Migrating to Jekyll

My experience moving my site to an SSG

unsplash-logoAustin Chan

I mentioned this in my previous post, but moving to an SSG was a long time coming. I had already been looking at ways to work with more dynamic technologies, however everywhere I read wrote about how overkill it was to learn something like React or Ruby considering it was for a simple site.

I suppose that kind of made sense, in the same way, you wouldn’t use a blowtorch to light candles. (Don’t get me a wrong I still have plans to learn React, especially as I’ve heard good things about Gatsby.js.)

Of course, as the site grew, the need for something dynamic became much more apparent.

In the last few years, there’s been a lot of chatter regarding Static Site Generators (SSGs). Basically, an SSG creates a webpage in parts and does it before the user sees it (There are much more technical blogs that explain this in greater detail), but the point is that it’s supposed to be more secure, and easier to deal with.

The downside is that you’re left without a standard CMS option, minus writing in Markdown, though I’ve also read that this has been remedied in newer SSGs and hosting pages (Netlify and Gatsby comes to mind here).

Better yet, it turned out to be surprisingly easy to pick up Jekyll; though there were a number of hurdles in the beginning.

Installing Jekyll

Unlike creating HTML from scratch, you can’t simply open the HTML page when finished (because it’s not actually constructed yet). You need Jekyll (and in a sense Ruby) in order to run on your system, to do the constructing to see your finished page.

I’ve read that it CAN be difficult installing Jekyll on Windows, but it was a breeze getting it working on Linux since it was a simple case of installing all the dependancies via the command line.

The Command Line

If you’re not comfortable navigating the command line, it can be a little daunting. Fortunately, there’s not much call for it once you’ve installed Jekyll.

The only thing you need to do is cd (change directory) to the folder holding your website via the terminal (or easier yet, open the folder in a terminal directly.) Once there, you can either type in the terminal: Jekyll build or Jekyll serve.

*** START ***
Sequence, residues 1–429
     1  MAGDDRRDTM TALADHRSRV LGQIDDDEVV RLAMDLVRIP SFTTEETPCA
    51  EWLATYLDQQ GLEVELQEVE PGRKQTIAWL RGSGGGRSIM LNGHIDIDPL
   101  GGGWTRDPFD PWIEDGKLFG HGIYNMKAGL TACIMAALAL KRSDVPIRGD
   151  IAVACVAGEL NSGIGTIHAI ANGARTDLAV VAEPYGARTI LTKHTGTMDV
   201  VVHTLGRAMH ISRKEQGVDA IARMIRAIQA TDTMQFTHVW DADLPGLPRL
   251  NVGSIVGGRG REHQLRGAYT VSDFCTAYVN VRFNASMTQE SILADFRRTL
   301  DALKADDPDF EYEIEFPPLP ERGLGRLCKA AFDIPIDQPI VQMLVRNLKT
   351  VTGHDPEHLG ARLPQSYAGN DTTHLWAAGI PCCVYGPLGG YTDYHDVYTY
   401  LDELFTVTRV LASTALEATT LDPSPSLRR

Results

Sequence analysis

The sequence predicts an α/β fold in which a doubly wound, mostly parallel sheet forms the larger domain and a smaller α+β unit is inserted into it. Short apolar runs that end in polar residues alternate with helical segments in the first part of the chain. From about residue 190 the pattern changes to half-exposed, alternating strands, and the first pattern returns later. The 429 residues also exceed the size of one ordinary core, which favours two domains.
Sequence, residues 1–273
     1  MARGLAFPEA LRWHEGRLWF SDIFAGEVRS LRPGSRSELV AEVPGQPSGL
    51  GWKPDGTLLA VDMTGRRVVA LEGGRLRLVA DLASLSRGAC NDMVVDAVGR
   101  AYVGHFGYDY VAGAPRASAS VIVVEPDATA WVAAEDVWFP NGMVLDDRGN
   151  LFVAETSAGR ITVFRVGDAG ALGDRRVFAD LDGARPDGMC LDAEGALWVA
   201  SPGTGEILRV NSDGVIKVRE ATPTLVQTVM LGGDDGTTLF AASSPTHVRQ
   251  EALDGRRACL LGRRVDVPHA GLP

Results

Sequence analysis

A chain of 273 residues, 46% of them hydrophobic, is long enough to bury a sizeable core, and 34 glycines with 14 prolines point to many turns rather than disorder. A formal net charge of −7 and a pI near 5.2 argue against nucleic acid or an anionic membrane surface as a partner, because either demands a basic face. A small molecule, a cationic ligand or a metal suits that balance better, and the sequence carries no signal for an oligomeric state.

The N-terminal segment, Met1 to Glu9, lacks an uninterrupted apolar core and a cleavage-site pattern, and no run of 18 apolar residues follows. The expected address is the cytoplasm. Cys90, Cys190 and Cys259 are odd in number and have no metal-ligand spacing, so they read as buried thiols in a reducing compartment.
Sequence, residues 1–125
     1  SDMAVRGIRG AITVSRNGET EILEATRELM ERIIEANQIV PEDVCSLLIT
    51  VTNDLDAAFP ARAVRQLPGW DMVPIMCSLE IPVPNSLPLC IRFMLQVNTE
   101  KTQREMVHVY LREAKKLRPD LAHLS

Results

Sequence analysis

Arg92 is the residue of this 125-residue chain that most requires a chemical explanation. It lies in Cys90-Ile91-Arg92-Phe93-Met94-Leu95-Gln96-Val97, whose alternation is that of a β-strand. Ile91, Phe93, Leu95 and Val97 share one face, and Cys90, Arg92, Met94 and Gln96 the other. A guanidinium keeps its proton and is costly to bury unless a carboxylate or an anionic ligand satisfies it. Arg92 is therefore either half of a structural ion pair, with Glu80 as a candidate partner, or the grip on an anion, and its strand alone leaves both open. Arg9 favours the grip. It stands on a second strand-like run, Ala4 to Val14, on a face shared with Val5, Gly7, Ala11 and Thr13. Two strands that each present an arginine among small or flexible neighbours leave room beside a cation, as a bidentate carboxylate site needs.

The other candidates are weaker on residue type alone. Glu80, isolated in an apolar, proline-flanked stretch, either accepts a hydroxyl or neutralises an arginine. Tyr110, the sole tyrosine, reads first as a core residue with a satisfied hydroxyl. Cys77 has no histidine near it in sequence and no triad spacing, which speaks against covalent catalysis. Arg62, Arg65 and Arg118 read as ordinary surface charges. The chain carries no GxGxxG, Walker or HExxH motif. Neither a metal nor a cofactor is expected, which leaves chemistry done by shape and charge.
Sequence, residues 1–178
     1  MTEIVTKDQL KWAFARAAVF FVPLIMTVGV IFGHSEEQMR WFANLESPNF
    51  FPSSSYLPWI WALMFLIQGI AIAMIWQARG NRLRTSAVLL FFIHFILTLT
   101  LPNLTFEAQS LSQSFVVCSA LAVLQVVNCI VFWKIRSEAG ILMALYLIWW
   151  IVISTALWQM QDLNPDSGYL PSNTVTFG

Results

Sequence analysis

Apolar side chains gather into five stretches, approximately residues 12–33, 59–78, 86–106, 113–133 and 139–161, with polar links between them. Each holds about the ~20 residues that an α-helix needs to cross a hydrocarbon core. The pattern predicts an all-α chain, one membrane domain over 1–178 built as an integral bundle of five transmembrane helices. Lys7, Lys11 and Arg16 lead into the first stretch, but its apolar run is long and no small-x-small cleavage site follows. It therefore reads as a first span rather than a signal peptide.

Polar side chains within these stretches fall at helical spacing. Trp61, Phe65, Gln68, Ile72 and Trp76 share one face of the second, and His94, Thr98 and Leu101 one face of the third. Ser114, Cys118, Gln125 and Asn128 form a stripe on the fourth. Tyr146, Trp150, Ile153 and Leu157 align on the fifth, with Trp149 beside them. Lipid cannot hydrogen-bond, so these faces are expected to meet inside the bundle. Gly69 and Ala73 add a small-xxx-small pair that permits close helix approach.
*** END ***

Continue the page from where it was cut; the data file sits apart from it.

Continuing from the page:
A short explanation here:
build builds the site in the _site folder, while serve build’s the site on a server offline and displays it on the URL: localhost:4000.

Since it’s direct, Jekyll serve does the job quite nicely and you can check your changes live.

Way of Thinking

You know how your CSS exists in a file, your javascript exists in another file and you reference it all in your HTML page. SSG’s are pretty much an extension of this, dividing the entire HTML code into digestible snippets, depending on what you need.

(Update: In fact, I actually moved from Jekyll to Hugo, and part of the beauty of this site, which is actually a port of Ghost CMS’ open-source theme London, is that the CSS is also handled in a similar way, with the website’s components styled on an individual basis through separate CSS files.)

There are two main versions of this, _Layouts and _Includes.

_Layouts is where the default stuff lives, you would place code here that is unlikely to change at all, eg. <head> elements, <link rel=""> codes and your script codes.

_Includes is where you put repetitive elements that you might not want to include on every single page, but will make your life easier <header>, <footer> elements come to mind a lot here.

The great thing is that there are no set rules on how this is done and you can code this part however you find easiest. The biggest plus is this; let’s say you have 6 different pages and you’ve added a 7th, you only need to change the header and footer elements once (found in the _Includes) folder in order For the change to be applied to your entire website.

It’s a pretty nice deal all things considered.

YAML and Liquid

YAML is the language that Jekyll uses in order to actually read to your files and fortunately it’s a pretty easy language to understand, you pretty much define your points in a file called config.yml and that lives in your root folder.

There is also Liquid, which is a templating language and that’s how Jekyll calls in your HTML snippets, and even allows for certain conditionals so there’s a dynamic element to it.

For a better explanation, definitely check out Liquid’s Official Documentation

Because of this dynamic nature, it also means that Jekyll handles blog posts with just as much ease, though initially trying to get it to work first-time took a lot of abstract thinking since you need to understand how for loops work which is very much in scripting territory.

Since I’m still getting to grips with how Jekyll can work, I wouldn’t feel comfortable writing a proper how-to on setting up a simple page, however, coupled with a basic framework system I can image it can be pretty easy building out a boilerplate page.